Jones Act 'treason' scandal acts as reality check for maritime interests
Even traditional supporters of the protectionist federal law are admitting America's shipping industry could be better served
from Grassroot Institute
The revelation earlier this month that an advisory panel to the U.S. Maritime Administration recommended charging Jones Act critics with treason — a felony punishable by death — sparked a wave of media attention last week that is still rippling through the U.S. maritime industry.
Notable is the comprehensive and thoughtful article by Capt. John Konrad, "Shots Fired in Jones Act Debate," in gCaptain, a prominent maritime publication not known for crusading against the Jones Act.
Konrad seemed to lament that neither current Transportation Secretary Pete Buttigieg nor his predecessor Elaine Chau "have done much to address the threat from [the] Cato [Institute]," which was one of the targets of the treason allegation.
However, he said, based on a "source inside the Maritime Administration" that's probably because they think "Cato's efforts have not been very effective."
He said a "Jones Act lobbyist" told him: “We haven’t worried too much about Cato because they have spent a lot of time focusing on the shipment of goods to Puerto Rico and Hawaii. Frankly, the majority of American voters don’t care about our distant islands."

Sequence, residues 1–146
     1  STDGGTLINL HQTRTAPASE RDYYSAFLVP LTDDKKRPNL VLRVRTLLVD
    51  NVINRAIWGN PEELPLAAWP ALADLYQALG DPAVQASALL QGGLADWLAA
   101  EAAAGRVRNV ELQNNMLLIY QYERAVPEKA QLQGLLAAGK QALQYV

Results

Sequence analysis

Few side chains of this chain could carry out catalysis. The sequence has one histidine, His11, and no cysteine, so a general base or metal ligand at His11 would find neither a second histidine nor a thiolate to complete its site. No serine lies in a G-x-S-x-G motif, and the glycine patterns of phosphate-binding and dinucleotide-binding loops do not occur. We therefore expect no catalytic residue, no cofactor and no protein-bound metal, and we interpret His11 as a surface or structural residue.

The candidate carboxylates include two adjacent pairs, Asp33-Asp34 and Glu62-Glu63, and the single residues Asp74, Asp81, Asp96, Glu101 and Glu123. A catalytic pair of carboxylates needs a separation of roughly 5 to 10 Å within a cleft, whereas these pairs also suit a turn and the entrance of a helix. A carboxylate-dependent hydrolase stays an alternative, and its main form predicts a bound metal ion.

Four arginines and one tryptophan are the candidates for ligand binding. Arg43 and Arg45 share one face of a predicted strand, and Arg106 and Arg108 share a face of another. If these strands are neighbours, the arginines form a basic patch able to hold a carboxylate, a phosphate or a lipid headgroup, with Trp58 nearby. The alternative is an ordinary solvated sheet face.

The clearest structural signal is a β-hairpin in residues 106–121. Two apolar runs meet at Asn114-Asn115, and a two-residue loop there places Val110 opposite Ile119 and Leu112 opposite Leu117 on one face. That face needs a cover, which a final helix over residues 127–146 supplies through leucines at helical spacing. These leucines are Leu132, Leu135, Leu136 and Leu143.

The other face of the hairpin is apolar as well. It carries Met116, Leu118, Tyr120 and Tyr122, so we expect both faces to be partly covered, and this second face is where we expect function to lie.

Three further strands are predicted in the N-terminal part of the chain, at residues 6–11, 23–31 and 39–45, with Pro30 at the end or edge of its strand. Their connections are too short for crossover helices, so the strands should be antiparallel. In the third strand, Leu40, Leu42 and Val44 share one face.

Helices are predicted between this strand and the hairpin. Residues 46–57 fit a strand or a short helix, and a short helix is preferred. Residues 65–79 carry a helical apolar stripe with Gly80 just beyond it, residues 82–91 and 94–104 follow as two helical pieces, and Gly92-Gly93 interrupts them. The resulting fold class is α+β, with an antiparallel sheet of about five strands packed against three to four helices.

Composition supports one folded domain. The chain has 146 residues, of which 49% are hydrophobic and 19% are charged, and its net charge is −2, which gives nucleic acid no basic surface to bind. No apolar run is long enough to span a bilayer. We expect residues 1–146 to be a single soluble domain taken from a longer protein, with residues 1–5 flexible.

Konrad, however, seemed to think the Jones Act actually is vulnerable to significant change.
"What Americans do care about very much," he said, "is the escalating price of energy, the price of food, traffic congestion, highway deaths from large trucks, and … decarbonization. All problems that — according to MARAD’s own Marine Highway initiative documents — could be solved by moving cargo via ships and barges which can move a significantly larger amount of cargo at roughly 1/10th the amount of energy and carbon emissions compared to trucks" — the implication being that the Jones Act has hindered this transition.
Thus, "in recent months," Konrad said, "gCaptain has become aware of several new efforts to reform the Jones Act, and increasingly these groups are focusing on swing states and voters in the heartland and politically powerful places that could benefit most from increased short-sea shipping. Places like New York, Texas, Florida, California and Virginia, as well as the states connected to inland waterways.
"Most of these groups are still in the exploratory phase," he said, "but the reframing of concerns from distant islands like Puerto Rico to the heart of America, could, if left unchecked (and in concert with the U.S. Navy’s increased frustration over the lack of DOT support for shipyard expansion and sealift), be a stake in the heart of Senator Wesley Jones."
Konrad noted the success of a week-old YouTube video posted by "the wildly popular geopolitical strategist" and author Peter Zeihan that calls for Jones Act reform. It has been viewed more than 130,000 times and generated more than 1,300 comments.
Konrad added: "Before exposing Zeihan to the fury of gCaptain’s American readers, it’s important to note that he suggests reforming the Jones Act, not replacing it, a view that some of the act’s most ardent supporters … agree with."